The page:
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@psidentityMarch 23rd, 2018
T1Autograph

The T1Autograph iOS library has been updated to v2.0.0 (build 42). This major update adds a lot of features and makes a few important changes. There are no major breaking changes to the API, but some defaults are different, so please read the full release notes. Oh! One more thing. T1Autograph is now available on the Android platform. Now you can capture smooth, consistent, and accurate signatures on any device (except blackberry (and windows phone)). It launches as v2.0 with feature parity with the iOS version. We expect major updates to stay in lockstep between the platforms. Point releases may be more frequent on the Android side as the implementation matures. Thanks again for using T1Autograph. We hope it continues to be of good service to you. Updated documentation for both the iOS and Android versions is available on the T1Autograph product page. Show release notes

  • New
    • SVG signature output is now available. This is great for displaying in HTML documents, or anywhere a lightweight scalable signature format is preferred. Use T1Signature.svgString to access the SVG as a string.
    • By popular request, T1Autograph now provides a standards-compliant biometric interchange data according to ISO/IEC 19794-7:2014 AMD 1:2015. This XML document contains all data collected during the signature event, including position, velocity, acceleration, pen pressure, pen azimuth, pen elevation, and timestamps. If you are new to this format, there is a great pubic explainer of it here (no paywall).
    • Improved signature rendering speed. In most cases, the signature will now be available instantly as the done button is tapped.
    • The signature timestamp can now be added to a signature after the date. Set both showDate and dateIncludesTime to true.
  • Other changes
    • The default stroke width is now 4.0f instead of 6.0f. If you’re not setting it explicitly, make sure you are satisfied with the output as it may now differ.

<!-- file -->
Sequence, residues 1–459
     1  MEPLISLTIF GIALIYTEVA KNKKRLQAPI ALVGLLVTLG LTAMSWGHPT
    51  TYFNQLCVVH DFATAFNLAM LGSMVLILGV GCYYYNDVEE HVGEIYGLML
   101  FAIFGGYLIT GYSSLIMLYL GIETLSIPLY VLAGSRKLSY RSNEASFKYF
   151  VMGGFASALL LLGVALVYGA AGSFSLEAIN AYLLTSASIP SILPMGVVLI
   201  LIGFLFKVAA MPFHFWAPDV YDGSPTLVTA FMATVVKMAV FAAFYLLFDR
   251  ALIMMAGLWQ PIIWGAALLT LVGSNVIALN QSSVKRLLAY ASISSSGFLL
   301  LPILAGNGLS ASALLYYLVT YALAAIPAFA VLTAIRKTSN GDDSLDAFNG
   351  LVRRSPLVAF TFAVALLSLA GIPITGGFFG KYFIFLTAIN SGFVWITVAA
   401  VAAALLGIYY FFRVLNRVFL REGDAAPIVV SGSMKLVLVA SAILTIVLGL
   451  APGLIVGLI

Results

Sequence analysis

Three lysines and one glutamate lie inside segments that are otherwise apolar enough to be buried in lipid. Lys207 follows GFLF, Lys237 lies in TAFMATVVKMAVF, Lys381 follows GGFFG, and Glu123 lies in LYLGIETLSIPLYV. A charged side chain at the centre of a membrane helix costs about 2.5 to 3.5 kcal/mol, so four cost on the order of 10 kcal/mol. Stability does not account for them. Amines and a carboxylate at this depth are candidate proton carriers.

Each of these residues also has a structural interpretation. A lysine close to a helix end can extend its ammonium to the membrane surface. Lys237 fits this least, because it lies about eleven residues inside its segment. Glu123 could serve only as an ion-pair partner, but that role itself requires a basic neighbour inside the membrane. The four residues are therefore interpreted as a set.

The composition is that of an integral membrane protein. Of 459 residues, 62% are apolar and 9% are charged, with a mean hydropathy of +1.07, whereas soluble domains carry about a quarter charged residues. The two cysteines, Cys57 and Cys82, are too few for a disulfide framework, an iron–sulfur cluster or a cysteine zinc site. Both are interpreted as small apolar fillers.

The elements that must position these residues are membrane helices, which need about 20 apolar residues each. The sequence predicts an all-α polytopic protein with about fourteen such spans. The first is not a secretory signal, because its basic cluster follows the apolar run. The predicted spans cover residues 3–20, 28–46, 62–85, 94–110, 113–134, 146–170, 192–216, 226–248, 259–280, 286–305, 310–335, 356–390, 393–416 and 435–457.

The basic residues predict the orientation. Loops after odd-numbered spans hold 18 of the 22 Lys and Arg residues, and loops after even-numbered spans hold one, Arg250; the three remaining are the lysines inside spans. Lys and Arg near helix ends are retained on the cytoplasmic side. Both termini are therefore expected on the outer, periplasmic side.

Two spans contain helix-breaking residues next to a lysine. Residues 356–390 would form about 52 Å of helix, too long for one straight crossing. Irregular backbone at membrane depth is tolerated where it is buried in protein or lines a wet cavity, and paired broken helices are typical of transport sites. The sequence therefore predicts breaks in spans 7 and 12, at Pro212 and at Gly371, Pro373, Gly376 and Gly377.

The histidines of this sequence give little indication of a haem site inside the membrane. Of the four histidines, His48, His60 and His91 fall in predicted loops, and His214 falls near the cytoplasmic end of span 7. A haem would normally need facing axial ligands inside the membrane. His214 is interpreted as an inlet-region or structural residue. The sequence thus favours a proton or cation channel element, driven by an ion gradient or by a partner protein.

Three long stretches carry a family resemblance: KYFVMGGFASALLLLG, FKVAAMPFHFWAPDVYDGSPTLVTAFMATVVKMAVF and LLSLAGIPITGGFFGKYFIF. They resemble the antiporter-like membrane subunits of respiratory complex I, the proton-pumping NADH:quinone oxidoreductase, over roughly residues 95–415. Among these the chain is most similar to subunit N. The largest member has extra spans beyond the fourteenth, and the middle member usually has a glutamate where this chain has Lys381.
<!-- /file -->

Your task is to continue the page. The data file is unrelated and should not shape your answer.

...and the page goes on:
• Velocity and acceleration values are now calculated and available in units of meters/second.
    • The cryptographic hash and date locations have been updated slightly for more consistent results.
    • Custom hash string values may now be of any length (previously limited to 10 characters).
    • The T1Signature property rawPoints now excludes points outside of the signature bounds when clipSignatureBounds is true.

Note: if you’re using CocoaPods (or similarly with Carthage), your podfile should show something like this:

pod 'T1Autograph', '~> 2.0'

A final note about dynamic frameworks: The App Store may still be rejecting apps containing simulator binary slices. T1Autograph (and most other frameworks) include these slices so you can work in the simulator. There’s a handy script available to trim out any frameworks you might be using at build time.

Latest library and demo project Release history for T1Autograph

@psidentityOctober 12th, 2017

T1PogoManager

T1PogoManager SDK for Pogo Connect has been updated to v1.4.4 (build 55) with support for iOS 11. This update includes only a few minor visual bug fixes in iOS 11. There are no API changes in this update.

Show release notes
  • Fix
    • Pen scanning controller now avoids the iPhone X notch.
    • Scan details controller no longer has the top row partially obscured in iOS 11.

Latest library and demo project Release history for T1PogoManager

@psidentitySeptember 10th, 2016
T1Autograph

The Autograph iOS library has been updated to v1.6.5 (build 37). One day we’ll issue a "Signature Edition" of T1Autograph because it’s a bad pun, and also the limit of our wit. Today is not that day. This update simply adds a choice for how to handle the Apple Pencil, fixes a few issues, and tidies up for iOS 10. Oh! One more thing. T1Autograph is now available as a dynamic framework. This is simpler to integrate (especially with swift projects (no more bridging header!)). We intend to move completely away from static library releases soon, but this time you can choose which style to work with. The static library is compatible back to iOS 6. The framework requires at least iOS 8. Thanks again for using T1Autograph. We hope it continues to be of good service to you. Show release notes